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DMin, Leadership and Global Perspectives: Crafting Ministry in an Interconnected World

Grassroots Theology from grassroots movements need grassroots voices

Written by: on May 19, 2015

Simon Chan, writing in Grassroots Asian Theology: Thinking Faith from the Ground Up, [1] offers a recent attempt to rectify what has been an ongoing conundrum in theological reflection around the world. The theological conundrum is that those who are formally well-educated are often the ones who tell the stories and, unfortunately, formal education has a tendency to distance people who have this type of education from other people who have not experienced such learning methods. Therefore, the theology that is often articulated in writing – while often being deeply well-meaning – tends toward an elitist, exclusivist theology through simple removal from certain “grassroot” community interactions.

Of course, the opposite can also be noted to be of concern. That is, grassroot theology can be disturbingly unaware of the goodness of other/outside perspectives/learning. Actually, this is a vital point for healthy theological interaction. Each version of theology (no matter from where it hails) has a distancing myopia that needs to be actively combatted through focus on relational engagement with theologies outside of its own norming functions. Chan speaks to this need at the beginning of his Grassroots Asian Theology.

One of the ways that a mitigation — of the weakness that arise through inordinate focus on ones own interests at the expense of others – can transpire is through employment of the twin principles of ressourcement and aggiornamento. Chan explains that ressourcement is “creative engagement with earlier sources, the fountainhead of spiritual life.” and aggiornamento is “adaptation and updating in light of the new situations in which the church finds itself.” [2] Another way this can be described is as the conversation between particularity and universality, of contextuality and globalization.

There is an irony at the very beginning of this text that should be noted. I’m thankful that Chan has taken the time to write this text; it’s an important dialogue to foster. However, Chan having gained his Ph.D. from Cambridge is now one of the very elitist theologians of which he notes concerns. This is not to suggest that the did not do a fabulous job with his writing, but it is to be honest about the situation. I would have liked to see this work offered in similar manner to how Duke Center for Reconciliation’s Resources for Reconciliation series out of InterVarsity Press offered their texts. In the Resources for Reconciliation series a person who is primarily an academic is paired with a person who is primarily a practitioner. This brings about a healthy conversation throughout the text. As an alternative, I would also have loved to see this as a reader composed of multiple authors with Chan perhaps offering the introduction, a chapter in the middle and a concluding statement. This noted, Chan has sought to incorporate multiple voices and perspectives and it is overall a strong text.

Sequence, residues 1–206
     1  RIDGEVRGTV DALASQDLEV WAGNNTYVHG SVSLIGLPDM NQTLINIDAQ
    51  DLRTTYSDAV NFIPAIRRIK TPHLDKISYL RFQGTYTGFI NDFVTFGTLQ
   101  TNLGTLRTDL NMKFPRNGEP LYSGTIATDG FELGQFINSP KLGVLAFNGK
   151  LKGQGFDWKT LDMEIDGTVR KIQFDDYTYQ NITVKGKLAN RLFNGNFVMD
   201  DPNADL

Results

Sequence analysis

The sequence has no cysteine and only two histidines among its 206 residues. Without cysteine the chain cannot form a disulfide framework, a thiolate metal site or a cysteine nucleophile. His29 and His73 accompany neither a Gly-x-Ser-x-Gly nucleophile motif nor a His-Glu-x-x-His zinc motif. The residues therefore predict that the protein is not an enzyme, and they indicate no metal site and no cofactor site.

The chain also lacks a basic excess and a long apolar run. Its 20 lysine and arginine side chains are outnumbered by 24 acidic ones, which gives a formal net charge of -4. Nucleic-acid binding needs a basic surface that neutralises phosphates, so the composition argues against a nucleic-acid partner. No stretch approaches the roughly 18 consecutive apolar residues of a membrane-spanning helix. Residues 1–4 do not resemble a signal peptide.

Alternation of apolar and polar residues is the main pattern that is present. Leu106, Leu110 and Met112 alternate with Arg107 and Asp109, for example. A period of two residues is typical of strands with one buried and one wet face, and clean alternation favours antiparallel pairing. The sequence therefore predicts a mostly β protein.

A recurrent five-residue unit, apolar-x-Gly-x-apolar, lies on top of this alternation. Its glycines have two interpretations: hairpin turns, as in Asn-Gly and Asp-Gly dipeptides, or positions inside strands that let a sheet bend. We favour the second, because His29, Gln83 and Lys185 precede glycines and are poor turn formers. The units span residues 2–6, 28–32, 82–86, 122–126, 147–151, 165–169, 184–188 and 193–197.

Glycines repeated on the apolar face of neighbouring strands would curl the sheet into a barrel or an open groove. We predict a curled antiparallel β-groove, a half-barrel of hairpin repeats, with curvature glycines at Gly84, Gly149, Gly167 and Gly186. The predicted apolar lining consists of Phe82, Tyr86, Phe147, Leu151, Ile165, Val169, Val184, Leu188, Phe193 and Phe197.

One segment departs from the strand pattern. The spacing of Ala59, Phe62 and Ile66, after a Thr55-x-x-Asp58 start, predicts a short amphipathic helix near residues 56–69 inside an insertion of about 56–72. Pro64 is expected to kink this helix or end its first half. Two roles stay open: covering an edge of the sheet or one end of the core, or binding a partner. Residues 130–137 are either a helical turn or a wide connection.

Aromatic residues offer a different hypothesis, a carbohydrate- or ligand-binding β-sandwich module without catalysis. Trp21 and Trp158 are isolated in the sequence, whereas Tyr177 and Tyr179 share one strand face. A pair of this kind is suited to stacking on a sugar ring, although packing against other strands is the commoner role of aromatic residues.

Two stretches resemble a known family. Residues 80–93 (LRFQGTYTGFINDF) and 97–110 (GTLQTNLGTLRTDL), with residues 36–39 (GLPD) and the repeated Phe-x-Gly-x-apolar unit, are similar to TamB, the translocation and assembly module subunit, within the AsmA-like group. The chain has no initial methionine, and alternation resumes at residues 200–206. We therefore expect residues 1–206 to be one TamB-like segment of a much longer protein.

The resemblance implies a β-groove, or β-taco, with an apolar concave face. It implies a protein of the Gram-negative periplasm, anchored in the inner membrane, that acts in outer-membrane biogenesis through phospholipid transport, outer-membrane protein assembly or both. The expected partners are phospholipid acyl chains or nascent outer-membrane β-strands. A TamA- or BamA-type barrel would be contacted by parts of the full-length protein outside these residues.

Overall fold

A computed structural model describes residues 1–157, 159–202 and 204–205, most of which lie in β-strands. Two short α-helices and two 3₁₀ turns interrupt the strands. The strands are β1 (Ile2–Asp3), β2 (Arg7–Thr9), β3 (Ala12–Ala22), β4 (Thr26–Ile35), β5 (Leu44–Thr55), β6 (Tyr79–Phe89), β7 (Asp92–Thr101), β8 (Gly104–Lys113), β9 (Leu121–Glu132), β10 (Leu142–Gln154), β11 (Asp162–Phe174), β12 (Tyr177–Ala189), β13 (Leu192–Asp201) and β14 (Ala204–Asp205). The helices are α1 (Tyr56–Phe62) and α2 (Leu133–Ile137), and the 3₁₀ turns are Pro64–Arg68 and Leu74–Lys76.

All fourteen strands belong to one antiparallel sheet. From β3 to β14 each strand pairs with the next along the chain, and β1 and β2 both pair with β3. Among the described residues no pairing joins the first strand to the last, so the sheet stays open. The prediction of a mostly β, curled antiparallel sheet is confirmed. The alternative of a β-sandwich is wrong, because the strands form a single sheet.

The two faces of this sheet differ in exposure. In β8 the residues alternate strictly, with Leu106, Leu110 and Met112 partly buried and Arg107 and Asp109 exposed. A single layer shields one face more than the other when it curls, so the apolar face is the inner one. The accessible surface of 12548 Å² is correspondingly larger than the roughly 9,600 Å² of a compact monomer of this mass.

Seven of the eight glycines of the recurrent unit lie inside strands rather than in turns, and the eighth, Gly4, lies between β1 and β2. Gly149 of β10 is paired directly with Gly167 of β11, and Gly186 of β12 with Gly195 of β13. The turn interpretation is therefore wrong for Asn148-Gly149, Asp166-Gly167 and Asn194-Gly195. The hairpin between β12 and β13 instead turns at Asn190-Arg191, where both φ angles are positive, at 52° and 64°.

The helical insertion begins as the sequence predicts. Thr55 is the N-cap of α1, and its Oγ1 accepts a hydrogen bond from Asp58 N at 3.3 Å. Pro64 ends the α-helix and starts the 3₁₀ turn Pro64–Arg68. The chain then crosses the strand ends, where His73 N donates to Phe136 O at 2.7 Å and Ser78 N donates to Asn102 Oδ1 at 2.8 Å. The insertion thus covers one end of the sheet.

The first chapter in the text begins to lead toward an articulation of an “Asian theology,” but I find this to be too stringent. I think it would be better to discuss Asian theologies. As well, while Chan alludes to engagement of broad and historic church influences with his reference to ressourcement, he really wasn’t kidding. I found the lean toward “Western” theological resources awkward in this chapter due to what felt like inordinate use/reference in contrast with “Eastern” sources. I found myself desiring to hear others from an Asian context quoting these Western sources if they were to be utilized rather than just Chan using them.

It is the second part of the second chapter that I found Chan becoming more helpful in delineating numerous theological discussions/traditions from multiple areas in Asia. This discussion began to really move the text in the direction that the title suggested it would go in at least the sense that it began offering indigenously birthed movements and conversations.

Overall, while grassroot theology arising from grassroot movements was offered and explicated in the text, I would have loved to hear from more actual grassroot voices. More actual voices would have allowed for an even greater sense of empowerment of the very people that this text means to honor and bring into the worldwide conversation of the Church.

 

 

 

[1] Simon Chan, Grassroots Asian Theology: Thinking Faith from the Ground Up (Downers Grove, IL: InterVarsity Press, 2014).

[2] Ibid., loc 55-69.

About the Author

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Clint Baldwin

One response to “Grassroots Theology from grassroots movements need grassroots voices”

  1. Clint, great point that Chan, having gained his PhD from Cambridge, is one of the elitist, and your suggestion about pairing him with a person who is a primary practitioner after the example of the Duke Center is a great idea. Do you believe that we hear more from the academic elite because they are the ones with both the connections to publication and also the experience of writing?

    I agree wholeheartedly with you that it would’ve been great to hear from actual Asian practitioners and their in-the-trenches type work with theology in Asia. Great post, always love reading your work.

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